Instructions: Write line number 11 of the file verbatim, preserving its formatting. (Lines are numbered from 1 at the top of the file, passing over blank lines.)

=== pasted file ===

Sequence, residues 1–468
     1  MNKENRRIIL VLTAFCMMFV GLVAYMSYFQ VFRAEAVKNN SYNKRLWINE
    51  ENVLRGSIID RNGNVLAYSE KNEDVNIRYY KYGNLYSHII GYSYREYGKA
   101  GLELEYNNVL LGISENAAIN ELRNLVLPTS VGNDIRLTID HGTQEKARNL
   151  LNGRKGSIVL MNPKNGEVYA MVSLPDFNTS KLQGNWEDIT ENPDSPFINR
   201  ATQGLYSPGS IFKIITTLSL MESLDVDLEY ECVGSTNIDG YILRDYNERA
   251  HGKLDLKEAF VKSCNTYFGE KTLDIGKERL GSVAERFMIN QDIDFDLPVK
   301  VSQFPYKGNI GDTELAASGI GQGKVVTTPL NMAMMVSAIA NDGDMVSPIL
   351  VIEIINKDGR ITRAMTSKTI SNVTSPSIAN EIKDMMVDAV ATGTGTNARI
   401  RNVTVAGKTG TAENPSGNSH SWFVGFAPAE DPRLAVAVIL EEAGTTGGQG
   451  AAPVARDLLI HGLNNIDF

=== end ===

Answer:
   451  AAPVARDLLI HGLNNIDF